Chaharshanbe Suri

Chaharshanbe Suri

Like other ancient nations, Iranians have their festivals and traditions. One of these festivities is called Chaharshanbe Suri. This impressive festival is one of the most popular celebrations among Iranians. Chaharshanbeh Suri goes back 1700 years BC and is held on the last Wednesday before Nowrouz, (New Year). To be more precise, this festival feasts on the evening of the last Tuesday of the year and is a mixture of great and little traditions.

Chaharshanbeh Suri is also the fire dance to welcome spring. “Chaharshanbeh Souri” gets made from two words. ،The first is a day of the week, (Chaharshanbe is Wednesday), and the other, (Suri), means redness. Fire has been respected not only in ancient Iran but also among Indians, Europeans, and other cultures. The ancient Iranians believed in the power of purification by fire. This belief was so strong that to prove a person’s innocence of any wrongdoing, the person had to cross a blazing fire. An example of this is Siavash’s character in the Shahnameh, (the epic poem), by Ferdowsi, (the Persian poet and author), who passed through fire to prove his innocence.

The most important and common rituals related to Chaharshanbe Suri are as follows:


Jumping over the fire

The main tradition in Chaharshanbe Suri is to make a bonfire, set fire to it in the evening and read the poem “My yellowness for you, your redness for me” (in Persian «زردی من از تو، سرخی تو از من») when jumping over it. This poem has been a prayer that Iranians have long been singing to fire, asking for it to put an end to diseases, boredom, and the worries of the past year to start the New Year afresh with happiness and vitality.


Kuzeh Shekani (Breaking the Jug)

In many cities, When they are jumping over the fire, they have a jug that they will break under their feet. The origin of this ritual is probably due to the belief that jumping over the fire causes misfortune to be transmitted into the jug. So breaking it eliminates any ominous feelings. There are minor differences in the performance of this ceremony in different parts of Iran. In Tehran, for example, several coins are in the jug. In Khorasan province, they put some coal, salt, and coins in it.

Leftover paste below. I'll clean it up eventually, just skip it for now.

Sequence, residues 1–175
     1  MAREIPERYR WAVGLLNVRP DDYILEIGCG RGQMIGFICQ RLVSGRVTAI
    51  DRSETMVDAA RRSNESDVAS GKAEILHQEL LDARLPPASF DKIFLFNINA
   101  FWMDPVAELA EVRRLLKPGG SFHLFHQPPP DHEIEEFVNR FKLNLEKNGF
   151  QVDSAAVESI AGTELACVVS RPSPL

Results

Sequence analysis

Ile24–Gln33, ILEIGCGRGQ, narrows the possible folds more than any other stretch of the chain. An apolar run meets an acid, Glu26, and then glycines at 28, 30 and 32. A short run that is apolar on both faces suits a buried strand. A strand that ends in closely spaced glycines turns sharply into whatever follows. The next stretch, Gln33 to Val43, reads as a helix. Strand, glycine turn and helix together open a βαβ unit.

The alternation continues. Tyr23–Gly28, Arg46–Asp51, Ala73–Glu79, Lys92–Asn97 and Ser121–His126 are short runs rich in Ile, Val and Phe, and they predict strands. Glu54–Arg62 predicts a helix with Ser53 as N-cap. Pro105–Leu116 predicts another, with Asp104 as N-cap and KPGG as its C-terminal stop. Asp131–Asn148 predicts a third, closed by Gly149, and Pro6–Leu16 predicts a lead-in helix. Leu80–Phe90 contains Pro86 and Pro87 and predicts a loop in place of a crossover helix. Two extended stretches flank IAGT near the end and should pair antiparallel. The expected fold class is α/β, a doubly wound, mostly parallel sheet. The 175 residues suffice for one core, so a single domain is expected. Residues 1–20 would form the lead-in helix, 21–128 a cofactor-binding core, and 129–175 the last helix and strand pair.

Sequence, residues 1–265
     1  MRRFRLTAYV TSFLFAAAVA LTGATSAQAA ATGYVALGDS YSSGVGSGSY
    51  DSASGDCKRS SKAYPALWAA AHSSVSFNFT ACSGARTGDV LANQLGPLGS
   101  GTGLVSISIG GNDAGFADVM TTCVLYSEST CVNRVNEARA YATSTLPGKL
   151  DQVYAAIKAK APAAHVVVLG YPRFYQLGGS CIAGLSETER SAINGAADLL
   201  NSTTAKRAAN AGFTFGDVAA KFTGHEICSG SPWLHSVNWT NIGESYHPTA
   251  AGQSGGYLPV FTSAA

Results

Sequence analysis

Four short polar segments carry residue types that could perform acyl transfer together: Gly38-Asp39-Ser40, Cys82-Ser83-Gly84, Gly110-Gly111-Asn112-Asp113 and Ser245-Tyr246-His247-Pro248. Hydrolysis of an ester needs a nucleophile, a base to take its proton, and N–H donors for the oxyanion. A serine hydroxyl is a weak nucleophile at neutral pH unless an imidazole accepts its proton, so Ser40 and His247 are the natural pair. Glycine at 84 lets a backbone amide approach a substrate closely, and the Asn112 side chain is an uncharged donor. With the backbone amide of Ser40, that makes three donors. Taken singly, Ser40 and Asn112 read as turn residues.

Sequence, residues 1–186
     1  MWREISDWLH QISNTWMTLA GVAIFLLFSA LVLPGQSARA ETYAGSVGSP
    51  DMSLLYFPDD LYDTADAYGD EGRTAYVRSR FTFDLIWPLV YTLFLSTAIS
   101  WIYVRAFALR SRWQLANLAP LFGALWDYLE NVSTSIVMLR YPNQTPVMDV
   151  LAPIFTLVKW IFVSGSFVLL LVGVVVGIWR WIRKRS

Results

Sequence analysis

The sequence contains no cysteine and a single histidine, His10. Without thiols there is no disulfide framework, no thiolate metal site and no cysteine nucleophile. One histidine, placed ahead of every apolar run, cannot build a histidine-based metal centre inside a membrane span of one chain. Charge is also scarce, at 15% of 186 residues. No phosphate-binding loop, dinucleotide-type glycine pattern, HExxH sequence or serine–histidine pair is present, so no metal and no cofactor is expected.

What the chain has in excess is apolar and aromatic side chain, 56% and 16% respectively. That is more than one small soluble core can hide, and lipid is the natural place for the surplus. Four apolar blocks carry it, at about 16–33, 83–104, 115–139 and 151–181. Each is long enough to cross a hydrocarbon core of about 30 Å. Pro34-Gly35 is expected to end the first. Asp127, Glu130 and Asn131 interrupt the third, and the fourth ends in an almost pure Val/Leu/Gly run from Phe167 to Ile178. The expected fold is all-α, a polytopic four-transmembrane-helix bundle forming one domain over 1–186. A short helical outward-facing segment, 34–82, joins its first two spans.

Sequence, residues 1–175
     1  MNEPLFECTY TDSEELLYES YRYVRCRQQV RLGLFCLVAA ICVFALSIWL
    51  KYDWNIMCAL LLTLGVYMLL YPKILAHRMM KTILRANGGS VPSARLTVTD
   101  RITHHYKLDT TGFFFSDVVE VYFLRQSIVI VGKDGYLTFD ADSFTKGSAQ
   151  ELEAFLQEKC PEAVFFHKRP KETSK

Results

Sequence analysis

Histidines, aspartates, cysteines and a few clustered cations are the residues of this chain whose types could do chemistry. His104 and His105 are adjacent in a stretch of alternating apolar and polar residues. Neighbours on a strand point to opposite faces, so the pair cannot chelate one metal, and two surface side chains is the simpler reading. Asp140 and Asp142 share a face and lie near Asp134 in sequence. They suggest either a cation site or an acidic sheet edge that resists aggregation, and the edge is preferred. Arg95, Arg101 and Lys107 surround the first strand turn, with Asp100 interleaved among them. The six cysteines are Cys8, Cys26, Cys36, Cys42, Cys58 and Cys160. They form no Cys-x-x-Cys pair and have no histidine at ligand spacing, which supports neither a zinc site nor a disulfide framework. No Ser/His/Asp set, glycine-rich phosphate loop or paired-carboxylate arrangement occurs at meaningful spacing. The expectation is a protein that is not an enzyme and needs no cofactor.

Ajil-e Moshkel Gosha (Troubleshooter Nuts)

In the past, after setting the fire alight, all members of the family gathered together to roast salted dried seeds to eat. These seeds could be watermelon, wheat, hazelnut, pumpkin, pistachio, melon, almond, pea, and hemp seeds. They believed that the person who eats this mix will have a kinder character. Also, it has the power to save someone from jealousy and villainy and they also believed that eating these nuts brings good fortune for them.


Ghashogh Zani (Spoon-Banging)

Boys and girls disguise themselves for this tradition. they don’t want to get recognized. They then go to their relatives and neighbors’ homes carrying bowls and banging their spoons on them. When the neighbors hear the sound, they fill the bowls with nuts, sweets, chocolates, or money.


Falgooshi va Gereh Goshayi (Eavesdropping and trouble-shooting)

Eavesdropping is one of the customs of Chaharshanbe Suri. In this tradition, young girls make wishes, stand behind a wall and listen to passers-by talking. Then they try to guess their future by interpreting the conversations of the passers-by.

Chaharshanbe Suri is one of the most important national celebrations for Iranians all around the world. However, most of these traditions are not so common these days with variations to the festivities.  People mostly make bonfires on this significant day, gather around it, dance, eat and talk to each other. If you want to enjoy this joyful Persian festival, travel to Iran before the last days of the solar year.


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